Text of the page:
“So we beat on, boats against the current, borne back ceaselessly into the past.” F. Scott Fitzgerald, The Great Gatsby
Yesterday the United States joined the only other countries that have not signed the Paris climate accord: Syria and Nicaragua.
Three cheers for Nicaragua. They opted out because the agreement wasn’t tough enough on big polluters.
“We don’t want to be an accomplice to taking the world to 3 to 4 degrees and the death and destruction it represents,” said its lead envoy Paul Quist, whose country produces a whopping 0.03% of global emissions.
Improbably, some of that spirit seems to have rubbed off on many Americans in the wake of yesterday’s announcement.
For not only environmentalists are condemning what Bill McKibben called “Trump’s stupid and reckless decision.”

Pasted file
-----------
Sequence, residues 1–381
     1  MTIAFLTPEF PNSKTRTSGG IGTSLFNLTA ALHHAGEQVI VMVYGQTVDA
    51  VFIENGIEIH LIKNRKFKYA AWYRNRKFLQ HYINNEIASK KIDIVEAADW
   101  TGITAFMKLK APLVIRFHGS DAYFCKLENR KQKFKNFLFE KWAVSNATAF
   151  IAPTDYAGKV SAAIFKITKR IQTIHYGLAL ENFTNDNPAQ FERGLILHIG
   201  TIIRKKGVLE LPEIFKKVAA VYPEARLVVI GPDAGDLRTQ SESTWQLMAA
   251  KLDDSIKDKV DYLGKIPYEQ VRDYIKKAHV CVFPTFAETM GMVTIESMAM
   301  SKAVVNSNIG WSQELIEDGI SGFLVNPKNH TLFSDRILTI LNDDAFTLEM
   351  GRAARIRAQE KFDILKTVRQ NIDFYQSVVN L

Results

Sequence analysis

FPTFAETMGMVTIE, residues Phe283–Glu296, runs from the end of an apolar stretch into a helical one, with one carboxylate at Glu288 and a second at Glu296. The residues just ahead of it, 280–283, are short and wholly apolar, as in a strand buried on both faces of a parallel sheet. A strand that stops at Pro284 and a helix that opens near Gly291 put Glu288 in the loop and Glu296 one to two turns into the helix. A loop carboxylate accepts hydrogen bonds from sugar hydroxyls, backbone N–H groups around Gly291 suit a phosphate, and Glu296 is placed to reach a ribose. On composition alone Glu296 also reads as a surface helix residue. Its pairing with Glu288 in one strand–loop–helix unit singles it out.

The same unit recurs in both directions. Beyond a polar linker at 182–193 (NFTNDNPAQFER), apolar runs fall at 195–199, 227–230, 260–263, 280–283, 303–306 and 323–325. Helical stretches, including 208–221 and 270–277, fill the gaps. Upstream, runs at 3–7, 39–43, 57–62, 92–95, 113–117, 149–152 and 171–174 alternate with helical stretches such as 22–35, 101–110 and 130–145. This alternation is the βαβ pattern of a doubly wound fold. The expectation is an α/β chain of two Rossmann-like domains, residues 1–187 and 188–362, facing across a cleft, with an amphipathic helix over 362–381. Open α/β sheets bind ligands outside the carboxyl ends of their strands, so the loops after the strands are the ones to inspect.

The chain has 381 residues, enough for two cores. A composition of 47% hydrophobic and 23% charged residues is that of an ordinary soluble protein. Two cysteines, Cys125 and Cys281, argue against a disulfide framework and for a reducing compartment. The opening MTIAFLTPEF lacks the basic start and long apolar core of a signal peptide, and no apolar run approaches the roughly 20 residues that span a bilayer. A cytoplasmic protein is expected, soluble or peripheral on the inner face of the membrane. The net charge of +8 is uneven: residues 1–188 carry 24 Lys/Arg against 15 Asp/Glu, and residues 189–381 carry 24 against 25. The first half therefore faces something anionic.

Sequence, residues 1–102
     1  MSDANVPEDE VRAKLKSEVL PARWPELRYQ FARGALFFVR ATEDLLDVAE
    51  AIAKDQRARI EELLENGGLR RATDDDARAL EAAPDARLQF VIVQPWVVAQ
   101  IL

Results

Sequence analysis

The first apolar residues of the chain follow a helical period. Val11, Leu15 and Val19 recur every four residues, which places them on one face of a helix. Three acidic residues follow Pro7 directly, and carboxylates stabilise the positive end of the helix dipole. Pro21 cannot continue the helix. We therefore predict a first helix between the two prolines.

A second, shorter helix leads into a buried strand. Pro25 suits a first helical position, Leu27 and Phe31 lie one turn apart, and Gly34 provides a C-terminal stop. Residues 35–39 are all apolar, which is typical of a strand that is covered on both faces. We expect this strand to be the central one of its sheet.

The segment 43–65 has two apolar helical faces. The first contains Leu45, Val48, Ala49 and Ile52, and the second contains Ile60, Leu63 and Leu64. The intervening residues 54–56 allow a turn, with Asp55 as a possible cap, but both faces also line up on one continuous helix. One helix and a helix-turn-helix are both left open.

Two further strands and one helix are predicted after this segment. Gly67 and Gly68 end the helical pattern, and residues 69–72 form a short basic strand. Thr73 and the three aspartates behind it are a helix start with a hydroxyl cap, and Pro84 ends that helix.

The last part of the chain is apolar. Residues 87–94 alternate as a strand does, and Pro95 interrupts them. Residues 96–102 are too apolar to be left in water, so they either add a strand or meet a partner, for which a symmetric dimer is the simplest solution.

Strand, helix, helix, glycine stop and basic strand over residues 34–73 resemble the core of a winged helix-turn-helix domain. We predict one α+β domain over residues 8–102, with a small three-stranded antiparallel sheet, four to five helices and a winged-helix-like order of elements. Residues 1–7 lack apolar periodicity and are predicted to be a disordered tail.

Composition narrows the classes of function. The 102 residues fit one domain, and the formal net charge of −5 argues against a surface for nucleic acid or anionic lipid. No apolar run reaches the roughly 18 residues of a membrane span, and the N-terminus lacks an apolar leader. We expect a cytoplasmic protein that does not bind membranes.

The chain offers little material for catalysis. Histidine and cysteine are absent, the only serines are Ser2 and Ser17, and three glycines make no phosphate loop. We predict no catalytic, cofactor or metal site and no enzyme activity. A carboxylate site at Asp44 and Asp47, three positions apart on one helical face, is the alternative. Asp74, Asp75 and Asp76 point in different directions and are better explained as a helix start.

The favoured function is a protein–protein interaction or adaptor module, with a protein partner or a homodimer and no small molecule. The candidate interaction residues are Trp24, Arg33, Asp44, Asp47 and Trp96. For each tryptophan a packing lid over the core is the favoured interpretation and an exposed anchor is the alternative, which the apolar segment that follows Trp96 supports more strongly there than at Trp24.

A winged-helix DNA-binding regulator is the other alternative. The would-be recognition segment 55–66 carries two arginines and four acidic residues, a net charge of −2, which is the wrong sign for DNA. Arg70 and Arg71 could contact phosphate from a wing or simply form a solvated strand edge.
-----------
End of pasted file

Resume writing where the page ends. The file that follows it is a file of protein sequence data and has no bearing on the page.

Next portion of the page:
So are large corporations and cities, including yesterday’s Rose Garden poster child:
“I was elected to represent the citizens of Pittsburgh, not Paris,” said Trump, which was undoubtedly good news to the French.
Not so much for Pittsburgh: “he’s not representing us at all, or not very well,” said Mayor Bill Peduto. “Pittsburgh stands with the world & will follow Paris Agreement.”
So will General Electric. “Climate change is real,” said CEO Jeffrey Immelt. “Industry must now lead and not depend on government,” a statement I hardly expected to be applauding a few months ago.
As big polluters salivate over their victory, let’s not forget that, at least as of this morning, America and Syria are still standing alone, two governments whose visions of the future we must forcefully reject.